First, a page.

Adnan Pachachi

Adnan Pachachi bigraphy, stories - Ministers

Adnan Pachachi : biography

14 May 1923 –

Adnan al-Pachachi or Adnan Muzahim Ameen al-Pachachi () (born May 14, 1923) is a veteran Iraqi politician and diplomat. Pachachi was Iraq’s Permanent Representative to the United Nations from 1959 to 1965 and Foreign Minister of Iraq from 1965 to 1967 during the Six-Day War with Israel; he again served as Permanent Representative to the UN from 1967 to 1969. After 1971, he spent a long period in exile. Since the 2003 invasion of Iraq, Pachachi has been an important figure in Iraqi politics, often described as Iraq’s elder statesman. He rejected the role of President in the Iraqi Interim Government.


  • "My feelings about Egypt and Gamel Abdel Nasser had deep rooted origins. In the first place I shared my father’s belief that Egypt was the most important Arab country and that Iraq should at all times have the best relations with her. My father, in and out of power, consistently called for the closest ties with Egypt. It cost him his political career in 1950. He remained very close to Abdul Nasser and supported him during the fateful days of the Suez War. Being a fervent Arab nationalist, I was naturally attracted by Nasser’s call for Arab unity, and during the Suez crisis I supported him without reservation. While I was at the United Nations at the height of a quarrel between Egypt and Qassim’s regime, I had maintained the closest relations with my Egyptian colleagues. I admired Abdul Nasser because he personified, more than anyone, the idea of Arab unity and seemed the only leader capable of achieving it." (p. 69)
Iraq’s Voice at the United Nations, 1959–1969: A Personal Record (Quartet Books, 1991)
  • "We are certain that sooner or later, the people of Asia and Africa will themselves help to expose the fraud that Israel is. They will understand that in the Arab world today, Zionism represents a force far more evil and dangerous than apartheid, an expansionist and aggressive force, bent upon dominating our lands and arresting the progress of our people." (p. 207)
Iraq’s Voice at the United Nations, 1959–1969: A Personal Record (Quartet Books, 1991)
  • "With the exception of Eisenhower’s noble stand against the Anglo-Franco-Israeli aggression in 1956, United States policies in the Arab Near East have been an unmitigated disaster for the Arabs." (p. 12)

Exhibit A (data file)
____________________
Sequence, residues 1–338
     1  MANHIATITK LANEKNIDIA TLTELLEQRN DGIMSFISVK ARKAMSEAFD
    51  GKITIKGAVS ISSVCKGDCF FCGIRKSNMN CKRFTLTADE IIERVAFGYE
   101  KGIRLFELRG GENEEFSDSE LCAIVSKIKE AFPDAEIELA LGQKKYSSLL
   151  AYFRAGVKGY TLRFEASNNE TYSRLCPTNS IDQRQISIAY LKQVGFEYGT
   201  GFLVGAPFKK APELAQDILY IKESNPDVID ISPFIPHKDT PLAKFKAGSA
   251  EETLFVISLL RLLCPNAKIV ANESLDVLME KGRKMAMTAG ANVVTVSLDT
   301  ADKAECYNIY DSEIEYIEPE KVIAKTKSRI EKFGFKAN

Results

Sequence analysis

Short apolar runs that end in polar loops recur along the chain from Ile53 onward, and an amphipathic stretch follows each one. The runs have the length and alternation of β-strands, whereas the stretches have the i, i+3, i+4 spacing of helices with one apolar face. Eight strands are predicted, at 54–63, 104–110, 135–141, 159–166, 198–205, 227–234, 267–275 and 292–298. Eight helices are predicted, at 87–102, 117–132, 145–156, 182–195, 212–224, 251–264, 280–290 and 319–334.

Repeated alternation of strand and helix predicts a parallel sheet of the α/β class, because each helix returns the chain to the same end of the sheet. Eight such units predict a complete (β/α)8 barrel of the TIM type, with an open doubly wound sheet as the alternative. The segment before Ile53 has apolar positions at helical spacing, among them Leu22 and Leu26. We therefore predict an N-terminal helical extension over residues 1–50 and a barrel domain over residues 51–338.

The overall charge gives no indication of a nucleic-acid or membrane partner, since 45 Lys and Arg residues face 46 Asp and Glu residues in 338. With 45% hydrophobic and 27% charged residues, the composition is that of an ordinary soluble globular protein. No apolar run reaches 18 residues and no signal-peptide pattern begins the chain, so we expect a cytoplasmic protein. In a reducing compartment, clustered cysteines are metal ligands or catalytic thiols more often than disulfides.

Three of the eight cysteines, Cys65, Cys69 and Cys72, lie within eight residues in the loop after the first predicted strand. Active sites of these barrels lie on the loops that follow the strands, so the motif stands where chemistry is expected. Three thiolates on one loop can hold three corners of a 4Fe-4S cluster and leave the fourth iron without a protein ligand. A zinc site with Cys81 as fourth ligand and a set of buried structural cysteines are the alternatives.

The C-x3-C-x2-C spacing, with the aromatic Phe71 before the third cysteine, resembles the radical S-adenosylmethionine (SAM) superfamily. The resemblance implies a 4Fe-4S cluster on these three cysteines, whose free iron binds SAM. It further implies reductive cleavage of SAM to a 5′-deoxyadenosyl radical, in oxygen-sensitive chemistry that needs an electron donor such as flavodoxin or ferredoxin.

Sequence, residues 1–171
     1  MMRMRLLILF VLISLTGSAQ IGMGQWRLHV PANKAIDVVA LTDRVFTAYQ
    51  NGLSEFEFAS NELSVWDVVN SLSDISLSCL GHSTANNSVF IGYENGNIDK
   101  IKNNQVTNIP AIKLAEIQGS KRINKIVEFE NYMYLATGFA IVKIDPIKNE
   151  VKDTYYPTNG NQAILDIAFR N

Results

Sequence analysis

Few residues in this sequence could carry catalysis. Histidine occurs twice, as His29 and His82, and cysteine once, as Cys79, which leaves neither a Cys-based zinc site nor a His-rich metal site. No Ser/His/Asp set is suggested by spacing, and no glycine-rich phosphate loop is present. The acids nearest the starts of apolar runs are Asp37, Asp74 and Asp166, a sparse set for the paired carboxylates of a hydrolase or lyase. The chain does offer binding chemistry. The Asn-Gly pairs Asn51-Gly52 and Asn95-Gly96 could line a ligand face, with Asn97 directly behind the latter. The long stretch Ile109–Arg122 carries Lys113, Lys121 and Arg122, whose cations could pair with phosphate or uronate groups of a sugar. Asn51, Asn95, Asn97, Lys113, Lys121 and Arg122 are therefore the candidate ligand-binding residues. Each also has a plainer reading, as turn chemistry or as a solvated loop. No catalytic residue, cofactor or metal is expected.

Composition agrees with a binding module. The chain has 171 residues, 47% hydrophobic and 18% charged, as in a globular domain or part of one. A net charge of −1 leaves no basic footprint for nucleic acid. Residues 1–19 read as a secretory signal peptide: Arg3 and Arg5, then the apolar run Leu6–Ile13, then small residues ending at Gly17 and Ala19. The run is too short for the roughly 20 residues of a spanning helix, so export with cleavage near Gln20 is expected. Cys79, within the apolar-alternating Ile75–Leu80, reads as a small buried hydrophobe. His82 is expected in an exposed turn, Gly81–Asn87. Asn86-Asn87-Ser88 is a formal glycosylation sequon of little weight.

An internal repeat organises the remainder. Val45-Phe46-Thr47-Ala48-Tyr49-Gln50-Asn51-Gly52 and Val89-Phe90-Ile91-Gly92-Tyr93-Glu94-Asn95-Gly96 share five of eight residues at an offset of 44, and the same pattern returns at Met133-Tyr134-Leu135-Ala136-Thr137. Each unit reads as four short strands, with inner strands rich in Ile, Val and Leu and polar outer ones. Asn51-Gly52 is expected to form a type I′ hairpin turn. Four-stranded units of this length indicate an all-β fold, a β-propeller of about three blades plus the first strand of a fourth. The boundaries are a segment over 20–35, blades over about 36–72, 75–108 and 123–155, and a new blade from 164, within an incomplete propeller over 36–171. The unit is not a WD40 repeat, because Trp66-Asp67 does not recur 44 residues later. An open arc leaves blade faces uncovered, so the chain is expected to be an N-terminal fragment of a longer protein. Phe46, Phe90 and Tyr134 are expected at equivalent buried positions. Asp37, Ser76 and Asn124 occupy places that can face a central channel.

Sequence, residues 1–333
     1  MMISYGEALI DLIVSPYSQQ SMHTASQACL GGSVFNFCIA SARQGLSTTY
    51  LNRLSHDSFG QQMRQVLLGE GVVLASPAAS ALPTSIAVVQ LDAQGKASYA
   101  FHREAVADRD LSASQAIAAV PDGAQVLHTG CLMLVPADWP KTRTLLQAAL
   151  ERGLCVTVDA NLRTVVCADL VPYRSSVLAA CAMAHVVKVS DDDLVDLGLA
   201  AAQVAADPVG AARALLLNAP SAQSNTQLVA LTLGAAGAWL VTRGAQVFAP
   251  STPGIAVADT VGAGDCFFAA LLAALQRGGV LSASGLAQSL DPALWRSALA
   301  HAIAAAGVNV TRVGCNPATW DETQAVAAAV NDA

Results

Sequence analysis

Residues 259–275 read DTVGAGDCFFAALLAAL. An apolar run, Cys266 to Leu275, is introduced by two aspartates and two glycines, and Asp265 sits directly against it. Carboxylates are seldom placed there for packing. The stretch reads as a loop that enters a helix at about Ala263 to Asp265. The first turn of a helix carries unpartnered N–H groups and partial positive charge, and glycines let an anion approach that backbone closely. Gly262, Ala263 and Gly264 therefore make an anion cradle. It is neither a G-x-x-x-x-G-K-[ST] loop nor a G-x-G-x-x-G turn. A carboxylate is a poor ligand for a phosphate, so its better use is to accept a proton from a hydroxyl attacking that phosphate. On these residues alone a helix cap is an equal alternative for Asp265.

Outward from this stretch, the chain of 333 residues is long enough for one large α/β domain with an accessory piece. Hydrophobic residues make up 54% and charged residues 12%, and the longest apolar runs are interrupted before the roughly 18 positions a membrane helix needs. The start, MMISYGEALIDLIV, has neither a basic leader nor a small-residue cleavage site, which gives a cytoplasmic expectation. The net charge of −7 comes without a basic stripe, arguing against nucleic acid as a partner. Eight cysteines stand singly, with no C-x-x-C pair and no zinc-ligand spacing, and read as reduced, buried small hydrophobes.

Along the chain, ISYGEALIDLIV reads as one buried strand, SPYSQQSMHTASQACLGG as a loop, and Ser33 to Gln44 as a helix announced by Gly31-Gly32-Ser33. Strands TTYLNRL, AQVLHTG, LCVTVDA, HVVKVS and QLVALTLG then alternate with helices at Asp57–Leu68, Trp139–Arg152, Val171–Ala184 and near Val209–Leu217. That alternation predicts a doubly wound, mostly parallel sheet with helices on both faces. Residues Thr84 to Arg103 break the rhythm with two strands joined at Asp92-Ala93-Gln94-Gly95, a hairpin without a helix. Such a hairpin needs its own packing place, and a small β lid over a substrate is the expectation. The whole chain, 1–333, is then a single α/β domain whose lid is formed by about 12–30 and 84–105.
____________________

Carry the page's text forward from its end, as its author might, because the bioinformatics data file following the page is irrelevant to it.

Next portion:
Iraq’s Voice at the United Nations, 1959–1969: A Personal Record (Quartet Books, 1991)
  • "As a result of my consistently anti-colonialist stand at the United Nations, I have often been accused of being anti-Western. This is an unjust accusation. In their handling of colonial questions, the Western powers have often violated their own principles and values. The ideals of justice, freedom and equality, which they loudly proclaimed, were frequently ignored when it came to the colonies." (p. 9)
Iraq’s Voice at the United Nations, 1959–1969: A Personal Record (Quartet Books, 1991)
  • "I have always retained a soft spot for Khrushchev because of his wholehearted support for the Arab position in the Arab-Israeli conflict and the Algerian war of independence." (p. 11)
Iraq’s Voice at the United Nations, 1959–1969: A Personal Record (Quartet Books, 1991)
  • "Shorn of its pseudo-political and spiritual claims and pretensions, Zionism can be seen for what it really is: nothing more than an aggressive minority movement aiming at the subjugation of the majority and the usurpation of their country. In this, Zionism goes even further than similar movements of the European colons in Algeria and the white Boers in South Africa. In this connection, it is quite striking, perhaps revealing, that the Zionists in Palestine, the French colons in Algeria and the Afrikaners in South Africa use the same methods and profess the same false beliefs of racial superiority. Zionism did not lay claim to an empty wasteland; it laid claim to a country which for more than thirteen centuries, had been inhabited by an overwhelming Arab majority, by a people who shared a great common heritage with millions of others throughout Asia and Africa. Confronted with this claim, what was the Arab majority in Palestine expected to do? Were they – who constituted over 90 percent of the population – expected to surrender their homeland and accept meekly that the gates of their country be opened to unlimited immigration by aliens from all over the world until such time as those foreign immigrants became the majority of the population? What other peoples in the world have been asked to accept such a sacrifice? I beg you search your conscience and decide whether it is just for any people to be asked that they should in their country voluntarily become a minority and surrender their destiny to others. For thirty years the Arabs of Palestine waged a heroic but unequal fight against Britain. In 1936 they revolted, and their rebellion went on with undiminishing fury and intensity for three years and was only stopped by the outbreak of the Second World War. This revolt is one of the most stirring and heroic chapters in the history of Palestine. The Arab people of Palestine were unified as never before in their desperate struggle against the British colonialists and their Zionist allies. The Zionists, as always, have proved themselves in time of need as trusted and loyal friends of colonialism; they shall forever remain so because they would not be able to stand on their own feet for one minute without the constant help and support of the colonial powers." (p. 29-30)